Editor’s Letter

975

E mālama i nāholoholona lōhiu (Care for wildlife)

Chris Amundson Publisher & Editor chris@mauimagazine.net

WILDLIFE PHOTOGRAPHY is a business of long hours and patience. As legendary Maui-based whale photographer and co-founder of the Whale Trust, Flip Nicklin, told me over lunch recently, on his dozens of National Geographic photo shoots, his published photos often came from just one lucky day in a 30-day assignment –the benefit of showing up and being ready.

Also renowned and legendary is our magazine’s photo editor, Jason Moore, an accomplished underwater photographer and videographer, 100-ton U.S. Coast Guard Certified Captain, FAA-certified drone pilot, SCUBA instructor and freediver. Jason was freediving off the southern coast of Lanā‘i when he capture this issue’s cover image of a pod of spinner dolphins on the ocean floor. A resident pod of 100 spinner dolphins to passed by Jason as he swam near the water’s surface. Jason clutched his camera, took a deep breath, descended 45 feet to the ocean floor and waited. Within minutes, nine dolphins broke away from the larger pod and swam down to investigate him.

Dolphins are curious animals; they have a similar brain-to-body mass as humans. If dolphins could talk, Jason believes we might discover they know humans can’t hold our breath very well. “So, when we do for a long time, they get curious,” he said. As Jason waited on the ocean floor, the pod made one low pass from left to right, then disappeared from his sight into the sapphire blue waters. One dive, one pass, one photo. Like Flip, Jason showed up and was ready.

Here at Maui Nō Ka ‘Oi Magazine, Jason reviews thousands of photos every month submitted by photographers from around the world who explore and document human life and wildlife in Maui Nui. He looks for captivating and beautiful photos. But for wildlife, he also looks for shots made ethically and according to state and federal laws. It is illegal, for example, to pursue or approach dolphins and humpback whales without a research permit from the National Oceanic and Atmospheric Administration. Flying a helicopter or airplane within 1,000 feet (or a drone within 300 feet) also is illegal.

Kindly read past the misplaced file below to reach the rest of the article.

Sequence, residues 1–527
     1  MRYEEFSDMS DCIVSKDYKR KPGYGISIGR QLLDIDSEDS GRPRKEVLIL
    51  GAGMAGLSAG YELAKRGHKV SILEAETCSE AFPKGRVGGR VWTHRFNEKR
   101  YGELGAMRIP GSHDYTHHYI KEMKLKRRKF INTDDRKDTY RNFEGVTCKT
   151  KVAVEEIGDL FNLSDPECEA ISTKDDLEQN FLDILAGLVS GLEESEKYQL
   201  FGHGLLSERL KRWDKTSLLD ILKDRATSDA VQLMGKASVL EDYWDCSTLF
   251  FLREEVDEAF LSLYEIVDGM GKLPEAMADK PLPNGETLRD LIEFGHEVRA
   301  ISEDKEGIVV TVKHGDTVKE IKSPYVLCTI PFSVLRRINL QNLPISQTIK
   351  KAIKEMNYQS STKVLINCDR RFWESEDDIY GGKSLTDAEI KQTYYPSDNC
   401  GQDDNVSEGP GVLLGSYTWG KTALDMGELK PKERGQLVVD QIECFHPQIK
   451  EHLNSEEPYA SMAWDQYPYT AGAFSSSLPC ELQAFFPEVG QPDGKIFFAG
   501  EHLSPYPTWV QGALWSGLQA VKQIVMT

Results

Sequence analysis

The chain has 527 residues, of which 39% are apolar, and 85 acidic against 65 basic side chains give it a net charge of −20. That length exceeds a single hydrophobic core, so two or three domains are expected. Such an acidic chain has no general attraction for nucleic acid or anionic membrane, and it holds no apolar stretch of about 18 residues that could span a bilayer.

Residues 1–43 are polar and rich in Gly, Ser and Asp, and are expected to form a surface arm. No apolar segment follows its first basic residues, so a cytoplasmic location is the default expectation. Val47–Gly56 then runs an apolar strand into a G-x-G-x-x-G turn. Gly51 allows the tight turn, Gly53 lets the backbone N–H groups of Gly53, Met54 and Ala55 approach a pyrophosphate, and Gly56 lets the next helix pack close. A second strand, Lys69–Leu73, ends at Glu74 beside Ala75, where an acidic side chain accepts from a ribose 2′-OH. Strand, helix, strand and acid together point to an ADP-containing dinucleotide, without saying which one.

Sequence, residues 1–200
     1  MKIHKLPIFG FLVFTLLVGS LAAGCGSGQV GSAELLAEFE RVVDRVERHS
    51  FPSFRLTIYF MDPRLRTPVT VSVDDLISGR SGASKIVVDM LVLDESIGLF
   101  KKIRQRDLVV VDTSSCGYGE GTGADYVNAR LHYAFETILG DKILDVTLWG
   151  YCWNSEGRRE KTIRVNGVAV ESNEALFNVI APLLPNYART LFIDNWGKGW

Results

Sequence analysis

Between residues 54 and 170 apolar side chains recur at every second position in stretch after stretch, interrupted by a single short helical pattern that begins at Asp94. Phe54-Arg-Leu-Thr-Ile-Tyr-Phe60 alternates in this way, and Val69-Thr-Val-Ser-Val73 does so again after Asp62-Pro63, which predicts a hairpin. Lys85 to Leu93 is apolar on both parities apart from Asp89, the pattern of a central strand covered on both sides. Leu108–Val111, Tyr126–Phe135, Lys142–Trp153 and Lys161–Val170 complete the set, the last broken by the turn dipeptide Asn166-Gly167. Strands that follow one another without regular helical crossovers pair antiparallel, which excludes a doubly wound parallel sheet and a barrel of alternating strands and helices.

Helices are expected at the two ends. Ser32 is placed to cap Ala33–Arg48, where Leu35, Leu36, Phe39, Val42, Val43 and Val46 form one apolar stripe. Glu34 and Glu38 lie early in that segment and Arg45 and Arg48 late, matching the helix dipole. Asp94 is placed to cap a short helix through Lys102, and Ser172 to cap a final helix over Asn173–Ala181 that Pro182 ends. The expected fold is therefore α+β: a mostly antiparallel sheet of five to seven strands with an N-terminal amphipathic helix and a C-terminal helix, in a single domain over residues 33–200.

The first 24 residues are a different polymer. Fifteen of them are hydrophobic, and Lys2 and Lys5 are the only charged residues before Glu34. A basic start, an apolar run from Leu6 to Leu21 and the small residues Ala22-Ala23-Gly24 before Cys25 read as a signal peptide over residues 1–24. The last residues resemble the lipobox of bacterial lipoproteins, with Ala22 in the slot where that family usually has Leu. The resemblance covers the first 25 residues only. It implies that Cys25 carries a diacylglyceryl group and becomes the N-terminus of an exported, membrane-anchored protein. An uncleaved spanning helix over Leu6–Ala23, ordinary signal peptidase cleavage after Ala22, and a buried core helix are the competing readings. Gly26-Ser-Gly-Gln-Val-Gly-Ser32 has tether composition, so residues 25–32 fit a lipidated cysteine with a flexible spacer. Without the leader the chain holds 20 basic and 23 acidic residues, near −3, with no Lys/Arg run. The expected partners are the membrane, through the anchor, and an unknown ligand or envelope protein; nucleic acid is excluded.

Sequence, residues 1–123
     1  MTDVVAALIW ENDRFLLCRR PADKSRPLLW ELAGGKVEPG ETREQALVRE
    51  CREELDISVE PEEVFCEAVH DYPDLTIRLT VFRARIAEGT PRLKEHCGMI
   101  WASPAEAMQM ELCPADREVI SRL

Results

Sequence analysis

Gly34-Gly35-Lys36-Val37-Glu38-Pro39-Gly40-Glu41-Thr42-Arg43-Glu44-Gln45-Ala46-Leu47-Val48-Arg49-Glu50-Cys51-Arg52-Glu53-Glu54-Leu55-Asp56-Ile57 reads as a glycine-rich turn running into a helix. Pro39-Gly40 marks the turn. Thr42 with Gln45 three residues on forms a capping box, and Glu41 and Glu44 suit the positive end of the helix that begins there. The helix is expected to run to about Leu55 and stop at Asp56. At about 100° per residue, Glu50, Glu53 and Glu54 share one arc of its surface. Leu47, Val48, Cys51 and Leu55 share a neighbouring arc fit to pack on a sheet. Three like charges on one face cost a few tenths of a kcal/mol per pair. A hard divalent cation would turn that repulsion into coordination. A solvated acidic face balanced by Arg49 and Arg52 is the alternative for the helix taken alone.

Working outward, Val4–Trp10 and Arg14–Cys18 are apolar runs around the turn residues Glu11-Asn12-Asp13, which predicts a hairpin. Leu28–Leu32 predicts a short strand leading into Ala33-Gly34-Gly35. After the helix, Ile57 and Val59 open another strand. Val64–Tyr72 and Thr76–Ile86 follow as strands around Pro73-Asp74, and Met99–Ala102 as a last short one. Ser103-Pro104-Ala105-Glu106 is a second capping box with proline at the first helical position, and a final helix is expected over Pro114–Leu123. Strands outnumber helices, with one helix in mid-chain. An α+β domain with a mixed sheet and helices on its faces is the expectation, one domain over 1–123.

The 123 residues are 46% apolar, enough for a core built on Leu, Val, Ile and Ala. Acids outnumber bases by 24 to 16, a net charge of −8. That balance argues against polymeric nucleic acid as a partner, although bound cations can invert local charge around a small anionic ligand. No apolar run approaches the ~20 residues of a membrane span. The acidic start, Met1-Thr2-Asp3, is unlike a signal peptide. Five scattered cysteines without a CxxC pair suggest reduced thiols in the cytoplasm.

So, when we get ready to publish a story like the spinner dolphin feature in this issue, we research our selected images to ensure our photographers created the photographs legally and ethically. For us, ethically means photographing animals in their natural course of life –no chasing, baiting or setting up artificial situations, which “cheat the art of photography,” Jason says. With brains no larger than the mass of peanut, the honu (Hawaiian green sea turtle) deserves our respect, too. It is a federal offense to harm, harass or even touch a sea turtle. Though endangered, spend any time snorkeling many of Maui’s beaches and you’re bound to come across a honu.

Such was the case one night at my neighborhood beach, Waihe‘e Beach when I emerged from the water following an after-work snorkel. Tuckered from a day of foraging on the coral, a green sea turtle had pulled itself up onto the beach for a nap. But instead of resting, two people were standing a few feet away shooting photos and videos with their cell phones. The turtle was agitated and beginning a retreat to the water. I immediately walked over to the couple and told them that the honu is protected.

According to the law, they need to stay at least 10 feet away. Please, let the tired creature rest, I told them. The couple had just landed on Maui for their first trip here (a “vacation of a lifetime”). After a long flight, they were excited to be here and just wanted to put their feet in the water. Seeing a turtle was a bonus. They were grateful, truly, that I interceded; they took no offense. We walked together on the beach and back to the parking lot, talking the whole way about their trip, their plans for the week, and about the importance of the land and animals to our island culture.

Maui is a beautiful place: paradise. Enjoy it, but don’t consume it. Respect the land and the animals. These lessons are deeply entwined with the island culture and shared wisdom. We at the magazine know when we share these lessons with visitors from around the world –in person and in photographs –little by little, the world becomes a better place.

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